No practical electoral comparison between “personhood” and “ultrasound” bill

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    by Paul Goldman

    There is a big difference between a bill that amounts to bad science in practical affect and one that incorporates bad politics in terms of where the rubber meets the road in elections. The 1,000 Alice Paul’s who took time out of their lives to come to Richmond to bring some sense into the male-dominated General Assembly are heroes in my book. Indeed as I have said for years now, Virginia needs to honor the great females leaders of the state over the years with a monument on the Capitol Grounds. It is shameful they don’t have their own monument to all women have done for this state and country.

    Why aren’t women demanding this? I made this suggestion a few years ago, got some calls from national folks, but couldn’t find any women to follow through on it. It can’t be my project.

    Now, as to personhood and ultrasound.

    As Justice Sandra Day O’Connor pointed out in the 1989 Webster case, the kind of language in Bob Marshall’s personhood bill, when put in the preamble to the Statutes of Missouri, had no force and effect. I know that is hard for non-lawyers to understand, but it is disturbing to me to read where so many lawyers are claiming otherwise or are trying to make it appear otherwise.

    Now I understand those who refuse to listen to what Chief Justice Rehnquist had to say in the opinion he wrote for the Court on the issue of the language in Bob Marshall’s bill taken he says from the Missouri at issue there. In my own view, Justice Stevens’ wrote the best opinion in dissent, and it is worth the read.

    But Justice Sandra Day O’Connor was a supporter of Roe v. Wade – she had the swing vote in a lot of those cases – and surely an advocate for women’s rights from her days in Arizona.

    Now the Marshall bill is actually not precisely the same as the Missouri preamble at issue here and it seems to me he might want to address that issue.

    But let’s assume he either amends the bill or it really is the same. Here is what Justice O’Connor had to say in Webster about the language in the Missouri Statute:

    “Nothing in the record before us or the opinions below indicates that the…preamble to Missouri’s abortion regulation will affect a woman’s decision to have an abortion.” She says that ” nothing in the record or opinions below indicates that the preamble will affect a woman’s decision to practice contraception.”

    She was discussing the case within the context of the declaratory judgment procedure.

    The practical point being: the mere passage of the “personhood” bill will not deny the rights under Griswold, Roe vs. Wade as explained in later cases unless the Supreme Court overrules them. This is one reason the Catholic Church and others rejected trying to put a “personhood” constitutional amendment into the Missouri Constitution. They said the “personhood” statute amounted to nothing and so why spend the time and energy on the same thing even though there is a difference between statutory and constitutional venues.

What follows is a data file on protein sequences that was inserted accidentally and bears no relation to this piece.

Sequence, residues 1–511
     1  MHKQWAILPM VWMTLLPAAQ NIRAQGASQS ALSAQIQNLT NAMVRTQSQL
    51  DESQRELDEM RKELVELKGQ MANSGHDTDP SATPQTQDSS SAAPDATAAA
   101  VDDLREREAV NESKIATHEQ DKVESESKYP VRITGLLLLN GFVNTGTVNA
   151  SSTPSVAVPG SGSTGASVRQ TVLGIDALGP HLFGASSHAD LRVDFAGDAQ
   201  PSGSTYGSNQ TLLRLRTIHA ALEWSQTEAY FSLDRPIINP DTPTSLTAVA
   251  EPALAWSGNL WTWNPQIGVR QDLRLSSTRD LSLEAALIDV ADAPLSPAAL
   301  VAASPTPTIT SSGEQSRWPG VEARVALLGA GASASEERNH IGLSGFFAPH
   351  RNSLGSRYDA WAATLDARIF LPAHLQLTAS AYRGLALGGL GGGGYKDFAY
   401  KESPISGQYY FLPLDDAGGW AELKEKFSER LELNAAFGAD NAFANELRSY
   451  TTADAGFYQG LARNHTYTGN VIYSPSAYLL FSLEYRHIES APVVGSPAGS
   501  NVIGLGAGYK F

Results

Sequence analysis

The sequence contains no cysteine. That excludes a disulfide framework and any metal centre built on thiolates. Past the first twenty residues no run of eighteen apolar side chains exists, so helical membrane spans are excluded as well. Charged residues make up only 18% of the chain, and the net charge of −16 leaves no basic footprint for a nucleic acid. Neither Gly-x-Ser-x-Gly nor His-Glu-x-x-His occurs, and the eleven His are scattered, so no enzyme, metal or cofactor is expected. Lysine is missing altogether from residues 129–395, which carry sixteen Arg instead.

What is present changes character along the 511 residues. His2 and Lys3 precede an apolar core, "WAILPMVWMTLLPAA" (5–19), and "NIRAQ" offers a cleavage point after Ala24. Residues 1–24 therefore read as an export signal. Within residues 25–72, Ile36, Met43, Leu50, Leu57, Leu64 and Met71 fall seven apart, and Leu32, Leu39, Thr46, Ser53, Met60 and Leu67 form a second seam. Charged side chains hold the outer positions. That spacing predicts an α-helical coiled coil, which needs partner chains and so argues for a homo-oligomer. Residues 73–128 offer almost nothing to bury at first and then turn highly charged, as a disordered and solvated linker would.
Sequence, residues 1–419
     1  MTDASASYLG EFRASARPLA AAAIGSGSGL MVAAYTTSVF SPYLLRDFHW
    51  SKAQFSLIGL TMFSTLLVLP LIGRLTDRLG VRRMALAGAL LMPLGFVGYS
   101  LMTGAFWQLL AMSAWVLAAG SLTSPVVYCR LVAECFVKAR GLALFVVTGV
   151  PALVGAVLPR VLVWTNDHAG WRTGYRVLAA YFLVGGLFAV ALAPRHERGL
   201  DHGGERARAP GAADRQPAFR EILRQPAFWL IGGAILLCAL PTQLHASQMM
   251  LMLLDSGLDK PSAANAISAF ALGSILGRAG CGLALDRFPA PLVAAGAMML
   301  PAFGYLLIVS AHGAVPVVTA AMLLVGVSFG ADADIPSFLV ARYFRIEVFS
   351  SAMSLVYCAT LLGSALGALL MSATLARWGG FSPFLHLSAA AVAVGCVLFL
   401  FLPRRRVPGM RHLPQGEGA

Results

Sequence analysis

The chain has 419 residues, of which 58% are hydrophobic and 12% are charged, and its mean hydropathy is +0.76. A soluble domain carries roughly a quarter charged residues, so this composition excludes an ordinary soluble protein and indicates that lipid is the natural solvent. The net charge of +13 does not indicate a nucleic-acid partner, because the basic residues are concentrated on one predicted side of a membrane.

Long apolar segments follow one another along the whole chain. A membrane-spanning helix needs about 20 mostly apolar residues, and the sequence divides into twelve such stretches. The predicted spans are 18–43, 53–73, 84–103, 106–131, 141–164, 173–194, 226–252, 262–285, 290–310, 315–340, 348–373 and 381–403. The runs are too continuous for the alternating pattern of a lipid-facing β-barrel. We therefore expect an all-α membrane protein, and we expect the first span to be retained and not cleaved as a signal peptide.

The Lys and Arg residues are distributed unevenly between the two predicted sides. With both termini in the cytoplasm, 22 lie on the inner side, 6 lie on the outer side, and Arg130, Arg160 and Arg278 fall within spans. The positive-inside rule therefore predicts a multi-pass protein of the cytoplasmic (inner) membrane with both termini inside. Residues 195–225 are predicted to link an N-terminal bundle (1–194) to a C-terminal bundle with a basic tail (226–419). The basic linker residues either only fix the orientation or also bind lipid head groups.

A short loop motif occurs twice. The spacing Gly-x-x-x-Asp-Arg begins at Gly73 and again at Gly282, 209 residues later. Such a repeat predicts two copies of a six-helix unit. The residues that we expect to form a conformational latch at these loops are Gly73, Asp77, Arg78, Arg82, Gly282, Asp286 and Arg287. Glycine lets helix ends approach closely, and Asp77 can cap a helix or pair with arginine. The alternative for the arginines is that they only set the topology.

There are many good and sufficient reasons to vote against Mr. Marshall’s bill.

    But they are not nearly so practical and personal and pending as the ultrasound bill the Governor wisely rejected as he saw his national ambitions burning up.

    As I read the law, it is possible to come up with a constitutional ultrasound bill, whether the GOP has it or not, I am not smart enough to know.

    So I keep my comments to the political: and in that regard, the GOP has a huge risk on any ultrasound bill that is seen as forcing a procedure, far less for voting for the Marshall bill in terms of it being a Missouri bill.  

    Why? By and large, Virginians understand that many people, Governor McDonnell being the most prominent politically, have a strong passionate belief in the legal status of the unborn. They don’t see this as political. So to the extent it is a philosophical discussion, the Marshall bill is just one more way for the GOP to say we are the anti-abortion party.

    Yes, Marshall’s bill does take a definition of life which many don’t hold. But it doesn’t have a practical effect in people’s lives right now. It’s abstract in that regard.

    The ultrasound issue, however, is not about principle in the mind of key swing voters, and for good reason: it isn’t. There is nothing abstract about it.

    This is where the rubber meets the road.

    The public is not going to accept, nor should it, using the legislative process to try and punish or interfere with the practical rights of women, or anyone else, under the guise of principle strictly because you have the political power to do it. That’s just plain wrong and has been destructive to this country from day one.

    This is why the ultrasound issue, as I wrote way up the line, is quite different as a matter of politics than personhood.

    It is strictly a political effort by those in power to force women to do something because they have the power to do it.

    The ultrasound bill is all about the famous line “all politics are local.”

    The Missouri preamble has been in existence for 26 years. Where are the facts to suggest Justice O’Connor was wrong?

    Having been shown none, I stick to my original analysis:

    Marshall’s bill is bad science that gets people riled up, but they basically land in the same political space they started without more. The ultrasound bill is bad politics that if it gets people riled up, they can land in a different politically.